Media now allowed in Family Court

With changes made to the ‘in camera rule’ in January 2014, the media can now report on proceedings in family law and childcare court. This includes reporting of domestic violence cases.


Under strict conditions, the media is prohibited to report any information, which is likely to identify the persons or child to whom the proceedings relate to. Breaching the rule can lead to a fine of maximum limit of €50,000 and/or imprisonment for up to three years.


Making the announcement, the Minister said; “It is in the public interest that there be greater knowledge of the administration of the law in this important area…These reforms will provide valuable information to the public, judiciary and legal professionals on the operation of the law by our courts. However, the public’s right to know has to be balanced with a family’s right to privacy”.


The changes are part of the Government’s commitment to reform and modernise aspects of the Irish family law. However, the court continues to hold a right to exclude representatives of the media from the court under specific circumstances.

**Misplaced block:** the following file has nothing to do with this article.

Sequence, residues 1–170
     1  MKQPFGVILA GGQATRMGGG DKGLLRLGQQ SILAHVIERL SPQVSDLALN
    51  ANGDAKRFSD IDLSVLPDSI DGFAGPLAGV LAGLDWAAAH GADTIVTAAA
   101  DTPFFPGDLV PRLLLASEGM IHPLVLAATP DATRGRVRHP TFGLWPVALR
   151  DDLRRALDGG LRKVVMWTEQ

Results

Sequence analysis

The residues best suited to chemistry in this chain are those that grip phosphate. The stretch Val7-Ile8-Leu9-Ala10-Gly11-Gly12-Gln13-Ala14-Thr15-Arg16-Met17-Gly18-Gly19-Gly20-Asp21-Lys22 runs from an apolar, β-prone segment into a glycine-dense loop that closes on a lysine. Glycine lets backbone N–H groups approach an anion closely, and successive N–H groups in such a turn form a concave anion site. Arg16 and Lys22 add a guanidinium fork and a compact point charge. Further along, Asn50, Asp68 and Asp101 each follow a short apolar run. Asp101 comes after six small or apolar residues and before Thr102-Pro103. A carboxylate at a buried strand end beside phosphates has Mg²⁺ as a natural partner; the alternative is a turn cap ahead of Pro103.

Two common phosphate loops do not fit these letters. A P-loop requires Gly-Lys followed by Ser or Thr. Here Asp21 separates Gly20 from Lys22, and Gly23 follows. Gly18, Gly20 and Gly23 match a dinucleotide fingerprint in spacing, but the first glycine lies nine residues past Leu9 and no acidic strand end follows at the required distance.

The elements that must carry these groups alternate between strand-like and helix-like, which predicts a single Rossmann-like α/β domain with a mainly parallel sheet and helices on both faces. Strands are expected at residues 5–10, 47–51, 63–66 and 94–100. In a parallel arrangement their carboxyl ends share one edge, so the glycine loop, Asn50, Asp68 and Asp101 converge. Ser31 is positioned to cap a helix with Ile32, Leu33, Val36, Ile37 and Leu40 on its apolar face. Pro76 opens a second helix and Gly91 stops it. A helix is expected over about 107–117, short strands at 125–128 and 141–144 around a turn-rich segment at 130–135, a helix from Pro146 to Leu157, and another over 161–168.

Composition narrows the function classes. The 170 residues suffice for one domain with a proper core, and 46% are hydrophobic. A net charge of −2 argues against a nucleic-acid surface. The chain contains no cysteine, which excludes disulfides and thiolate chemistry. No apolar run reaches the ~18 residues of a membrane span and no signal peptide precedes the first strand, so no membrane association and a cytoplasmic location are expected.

Pavee Point welcomes the transparency that this change brings to rulings in domestic violence cases. However, it is important that the new rule won’t deter Traveller and Roma women from seeking protection from abusive partners. Women should be informed about the new change and reassured that their identity will be kept hidden. Any difficulties arising or breaches to the rule must be alerted.

For more information about the change to the ‘in camera’ rule, please contact the Violence against Women Programme or call 01 8780255.